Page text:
https://www.newegg.com/black-phanteks-enthoo-pro-2-atx-full-tower/p/N82E16811854098?Item=N82E16811854098&quicklink=true
I am generally a fan of air cooling, but no doubt you can get some good 360 aio recommendations here.

Lastly for a first time builder,

MY build process:

Before anything, while waiting for your parts to be delivered, download
and read, cover to cover your case and motherboard manual.
Buy a long #2 magnetic tip philips screwdriver.
A small led flashlight is also useful.

I find it handy to buy a power switch like this for testing.
https://www.newegg.com/p/N82E16812119009?Description=power switch&cm_re=power_switch-_-12-119-009-_-Product&quicklink=true
1. I assemble the critical parts outside of the case.
That lets me test them for functionality easily.
A wood table or cardboard is fine.
2. Plug in only the necessary parts at first. Ram, cpu, cooler, psu.
Do not force anything. Parts fit only one way.
Attach a monitor to the integrated motherboard adapter if you have one, otherwise to the graphics card.
  1. If your motherboard does not have a PWR button, momentarily touch the two pwr front panel pins with a flat blade screwdriver.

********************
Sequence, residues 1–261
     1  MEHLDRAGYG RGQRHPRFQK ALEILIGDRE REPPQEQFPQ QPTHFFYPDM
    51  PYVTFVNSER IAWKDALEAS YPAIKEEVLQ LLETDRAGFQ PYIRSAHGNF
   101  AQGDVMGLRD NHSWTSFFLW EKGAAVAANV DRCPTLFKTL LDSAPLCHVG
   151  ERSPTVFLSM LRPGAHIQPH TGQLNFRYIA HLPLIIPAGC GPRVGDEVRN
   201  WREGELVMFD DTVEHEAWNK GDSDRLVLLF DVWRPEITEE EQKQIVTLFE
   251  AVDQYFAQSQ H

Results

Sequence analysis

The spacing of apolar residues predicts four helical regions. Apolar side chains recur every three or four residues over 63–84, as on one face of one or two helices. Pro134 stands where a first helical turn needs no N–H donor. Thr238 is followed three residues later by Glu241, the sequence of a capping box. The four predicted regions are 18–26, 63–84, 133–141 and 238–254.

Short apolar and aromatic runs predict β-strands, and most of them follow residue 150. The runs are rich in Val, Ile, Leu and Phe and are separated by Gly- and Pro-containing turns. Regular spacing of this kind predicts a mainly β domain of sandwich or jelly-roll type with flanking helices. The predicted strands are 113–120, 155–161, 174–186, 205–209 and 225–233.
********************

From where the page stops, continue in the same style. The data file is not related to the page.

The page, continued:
2. Repeatedly hit F2 or DEL, and that should get you into the bios display.
  3. Boot from a cd or usb stick with memtest86 on it. memtest will exercise your ram and cpu functionality.
They boot from a usb stick and do not use windows.
You can download them here:
If you can run a full pass with NO errors, your ram should be ok.

Running several more passes will sometimes uncover an issue, but it takes more time.
Probably not worth it unless you really suspect a ram issue.

  1. Install windows.
  2. Install the motherboard cd drivers. Particularly the lan drivers so you can access the internet.
Do not select the easy install option, or you will get a bunch of utilities and trialware that you don't want. Drivers only.
  1. Connect to the internet and install an antivirus program. Microsoft defender is free, easy, and unobtrusive.
  2. Install your graphics card and driver if you tested with integrated graphics.
You will need to remove the graphics card later to install your motherboard in the case.
As a tip when screwing the motherboard into the posts, give the screw a small counterclockwise turn until you feel a click.
That lets you know that the screw will engage properly.
Make a note of how the graphics card latches into the pcie slot.
The mechanism will be hidden under the card and may be difficult to work if you have not previously checked how.
  1. Update windows to currency.
  2. Only now do I take apart what I need to and install it in the case.
  3. Now is the time to reinstall your graphics card.
  4. Opinions vary on updating the bios. On a new build, I will update to currency right away. My thought is that I have no big loss if
I encounter a problem. Use the usb option, not the windows option.
Thanks a lot man!! That was immensely helpful!